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Efficient generation of shared RSA keys
 Advances in Cryptology  CRYPTO 97
, 1997
"... We describe efficient techniques for a number of parties to jointly generate an RSA key. At the end of the protocol an RSA modulus N = pq is publicly known. None of the parties know the factorization of N. In addition a public encryption exponent is publicly known and each party holds a share of the ..."
Abstract

Cited by 124 (4 self)
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We describe efficient techniques for a number of parties to jointly generate an RSA key. At the end of the protocol an RSA modulus N = pq is publicly known. None of the parties know the factorization of N. In addition a public encryption exponent is publicly known and each party holds a share of the private exponent that enables threshold decryption. Our protocols are efficient in computation and communication. All results are presented in the honest but curious settings (passive adversary).
Security of Biased Sources for Cryptographic Keys
, 2001
"... Cryptographic schemes are based on keys which are highly involved in granting their security. It is in general assumed that the source producing these keys has uniformly distribution, that is, it produces keys from a given key space with equal probability. Consequently, deviations from uniform distr ..."
Abstract
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Cryptographic schemes are based on keys which are highly involved in granting their security. It is in general assumed that the source producing these keys has uniformly distribution, that is, it produces keys from a given key space with equal probability. Consequently, deviations from uniform distribution of the key source may be regarded a priori as a potential security breach, even if no dedicated attack is known, which might take advantage of these deviations. We propose in this paper a model for biased key sources and show that it is possible to prove some results about tolerance of biases, which have the property of being inherent to the bias itself and not requiring assumptions about unknown attacks, using these biases. The model is based on comparing the average case complexities of generic attacks to some number theoretical problems, with respect to uniform and to biased distributions. We also show the connection to information entropy based analysis of biased ...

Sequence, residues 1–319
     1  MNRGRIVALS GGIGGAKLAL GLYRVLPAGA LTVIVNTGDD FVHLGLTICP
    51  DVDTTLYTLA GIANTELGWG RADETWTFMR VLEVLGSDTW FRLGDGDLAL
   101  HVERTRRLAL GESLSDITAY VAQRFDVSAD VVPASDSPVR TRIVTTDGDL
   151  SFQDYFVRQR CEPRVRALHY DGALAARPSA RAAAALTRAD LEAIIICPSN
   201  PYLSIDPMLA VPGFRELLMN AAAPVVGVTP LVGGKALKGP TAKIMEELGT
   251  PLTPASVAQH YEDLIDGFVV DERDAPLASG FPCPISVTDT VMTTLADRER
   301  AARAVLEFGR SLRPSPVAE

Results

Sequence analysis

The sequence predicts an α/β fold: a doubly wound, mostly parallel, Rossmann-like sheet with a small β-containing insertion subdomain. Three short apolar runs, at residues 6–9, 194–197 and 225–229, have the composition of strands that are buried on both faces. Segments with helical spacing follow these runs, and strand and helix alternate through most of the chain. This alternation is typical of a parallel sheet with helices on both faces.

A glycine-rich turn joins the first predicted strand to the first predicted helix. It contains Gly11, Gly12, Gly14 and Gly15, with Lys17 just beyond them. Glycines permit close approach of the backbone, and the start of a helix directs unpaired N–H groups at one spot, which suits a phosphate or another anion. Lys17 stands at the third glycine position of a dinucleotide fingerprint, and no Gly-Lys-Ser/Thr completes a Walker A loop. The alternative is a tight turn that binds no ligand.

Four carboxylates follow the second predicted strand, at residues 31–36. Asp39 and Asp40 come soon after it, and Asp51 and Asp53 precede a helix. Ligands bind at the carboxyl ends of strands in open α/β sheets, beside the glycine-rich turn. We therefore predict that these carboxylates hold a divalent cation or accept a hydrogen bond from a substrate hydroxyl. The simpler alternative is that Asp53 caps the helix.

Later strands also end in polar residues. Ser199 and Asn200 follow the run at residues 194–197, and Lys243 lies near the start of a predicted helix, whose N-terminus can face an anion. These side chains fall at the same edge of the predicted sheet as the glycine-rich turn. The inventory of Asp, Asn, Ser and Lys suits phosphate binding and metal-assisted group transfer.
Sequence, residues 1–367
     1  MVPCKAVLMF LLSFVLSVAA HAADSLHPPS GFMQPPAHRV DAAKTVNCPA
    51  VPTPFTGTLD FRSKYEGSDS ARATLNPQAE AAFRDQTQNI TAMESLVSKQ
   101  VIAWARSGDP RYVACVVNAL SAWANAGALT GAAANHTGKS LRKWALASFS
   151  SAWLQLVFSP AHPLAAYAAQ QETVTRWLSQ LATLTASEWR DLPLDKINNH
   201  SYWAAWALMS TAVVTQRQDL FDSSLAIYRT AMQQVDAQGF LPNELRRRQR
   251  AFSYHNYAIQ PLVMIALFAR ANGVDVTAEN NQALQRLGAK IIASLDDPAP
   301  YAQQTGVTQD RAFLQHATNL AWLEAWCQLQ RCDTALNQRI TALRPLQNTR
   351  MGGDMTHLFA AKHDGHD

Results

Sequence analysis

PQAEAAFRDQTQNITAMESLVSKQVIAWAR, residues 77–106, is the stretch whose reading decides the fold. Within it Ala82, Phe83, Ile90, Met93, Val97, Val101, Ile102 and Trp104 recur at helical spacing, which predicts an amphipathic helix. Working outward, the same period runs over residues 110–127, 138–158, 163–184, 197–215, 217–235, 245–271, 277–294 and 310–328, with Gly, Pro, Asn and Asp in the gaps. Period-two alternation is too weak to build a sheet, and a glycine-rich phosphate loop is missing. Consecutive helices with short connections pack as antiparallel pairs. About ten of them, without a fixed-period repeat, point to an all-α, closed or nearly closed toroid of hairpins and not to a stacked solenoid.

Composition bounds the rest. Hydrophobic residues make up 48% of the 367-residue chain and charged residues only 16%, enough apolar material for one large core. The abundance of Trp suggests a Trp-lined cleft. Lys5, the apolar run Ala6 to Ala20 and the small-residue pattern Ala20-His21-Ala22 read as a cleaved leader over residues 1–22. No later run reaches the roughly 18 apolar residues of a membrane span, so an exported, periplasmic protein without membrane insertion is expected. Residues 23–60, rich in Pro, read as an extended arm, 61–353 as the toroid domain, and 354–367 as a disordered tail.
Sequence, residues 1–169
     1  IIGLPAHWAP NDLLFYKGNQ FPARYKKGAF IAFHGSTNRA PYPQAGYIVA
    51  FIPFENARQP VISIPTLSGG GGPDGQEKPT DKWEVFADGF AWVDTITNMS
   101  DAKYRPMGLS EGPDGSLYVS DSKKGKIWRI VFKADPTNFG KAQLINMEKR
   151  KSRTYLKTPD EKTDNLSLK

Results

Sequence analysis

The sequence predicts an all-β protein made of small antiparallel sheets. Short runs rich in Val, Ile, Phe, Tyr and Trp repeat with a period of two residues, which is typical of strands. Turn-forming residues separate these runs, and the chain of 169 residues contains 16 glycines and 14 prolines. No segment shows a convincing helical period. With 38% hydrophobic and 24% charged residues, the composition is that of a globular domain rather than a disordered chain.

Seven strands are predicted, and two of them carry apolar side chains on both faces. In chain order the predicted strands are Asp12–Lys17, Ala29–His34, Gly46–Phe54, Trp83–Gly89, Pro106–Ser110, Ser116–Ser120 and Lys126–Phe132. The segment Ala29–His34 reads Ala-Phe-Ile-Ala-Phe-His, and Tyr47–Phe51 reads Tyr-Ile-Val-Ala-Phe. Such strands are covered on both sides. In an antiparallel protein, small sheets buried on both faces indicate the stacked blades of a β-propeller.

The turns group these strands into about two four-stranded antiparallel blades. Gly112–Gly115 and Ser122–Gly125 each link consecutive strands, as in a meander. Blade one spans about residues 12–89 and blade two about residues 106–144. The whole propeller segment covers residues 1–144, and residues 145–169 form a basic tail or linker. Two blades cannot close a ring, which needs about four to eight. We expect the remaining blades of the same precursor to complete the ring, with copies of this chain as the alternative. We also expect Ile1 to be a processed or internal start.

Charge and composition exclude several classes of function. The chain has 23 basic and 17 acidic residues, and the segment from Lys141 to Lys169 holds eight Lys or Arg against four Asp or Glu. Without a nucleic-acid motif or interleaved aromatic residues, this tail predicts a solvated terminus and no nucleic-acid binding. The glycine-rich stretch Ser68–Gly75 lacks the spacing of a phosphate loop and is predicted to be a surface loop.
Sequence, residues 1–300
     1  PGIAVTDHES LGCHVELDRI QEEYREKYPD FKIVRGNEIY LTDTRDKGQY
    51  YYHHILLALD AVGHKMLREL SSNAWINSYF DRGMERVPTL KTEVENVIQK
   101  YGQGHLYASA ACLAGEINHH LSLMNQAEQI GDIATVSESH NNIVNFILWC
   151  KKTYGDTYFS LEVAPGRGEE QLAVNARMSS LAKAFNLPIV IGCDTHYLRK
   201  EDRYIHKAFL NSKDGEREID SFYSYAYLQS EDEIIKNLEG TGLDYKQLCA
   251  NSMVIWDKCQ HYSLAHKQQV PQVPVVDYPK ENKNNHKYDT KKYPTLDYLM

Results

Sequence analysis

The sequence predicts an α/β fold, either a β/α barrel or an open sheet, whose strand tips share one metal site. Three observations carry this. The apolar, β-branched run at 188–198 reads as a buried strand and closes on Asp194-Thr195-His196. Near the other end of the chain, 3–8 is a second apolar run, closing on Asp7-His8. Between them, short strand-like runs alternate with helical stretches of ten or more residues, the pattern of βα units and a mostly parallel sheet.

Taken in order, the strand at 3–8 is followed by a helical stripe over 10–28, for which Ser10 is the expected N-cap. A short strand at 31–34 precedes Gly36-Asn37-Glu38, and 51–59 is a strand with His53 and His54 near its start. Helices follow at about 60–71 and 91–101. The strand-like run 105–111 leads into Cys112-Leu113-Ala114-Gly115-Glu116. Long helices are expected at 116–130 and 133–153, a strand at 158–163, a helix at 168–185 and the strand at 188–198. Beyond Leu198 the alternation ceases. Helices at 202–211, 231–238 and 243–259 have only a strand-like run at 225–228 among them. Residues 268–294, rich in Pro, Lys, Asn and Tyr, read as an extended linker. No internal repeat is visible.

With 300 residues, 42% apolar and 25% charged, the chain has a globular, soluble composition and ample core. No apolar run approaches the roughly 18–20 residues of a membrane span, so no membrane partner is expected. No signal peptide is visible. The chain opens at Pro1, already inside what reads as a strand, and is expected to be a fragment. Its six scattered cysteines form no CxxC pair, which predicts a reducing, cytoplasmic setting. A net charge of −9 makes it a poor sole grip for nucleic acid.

The First Ten Years of PublicKey Cryptography
, 1988
"... Publickey cryptosystems separate the capacities for encryption and decryption so that 7) many people can encrypt messages in such a way that only one person can read them, or 2) one person can encrypt messages in such a way that many people can read them. This separation allows important improvemen ..."
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Publickey cryptosystems separate the capacities for encryption and decryption so that 7) many people can encrypt messages in such a way that only one person can read them, or 2) one person can encrypt messages in such a way that many people can read them. This separation allows important improvements in the management of cryptographic keys and makes it possible to ‘sign ’ a purely digital message. Public key cryptography was discovered in the Spring of 1975 and has followed a surprising course. Although diverse systems were proposed early on, the ones that appear both practical and secure today are all very closely related and the search for new and different ones has met with little success. Despite this reliance on a limited mathematical foundation publickey cryptography is revolutionizing communication security by making possible secure communication networks with hundreds of thousands of subscribers.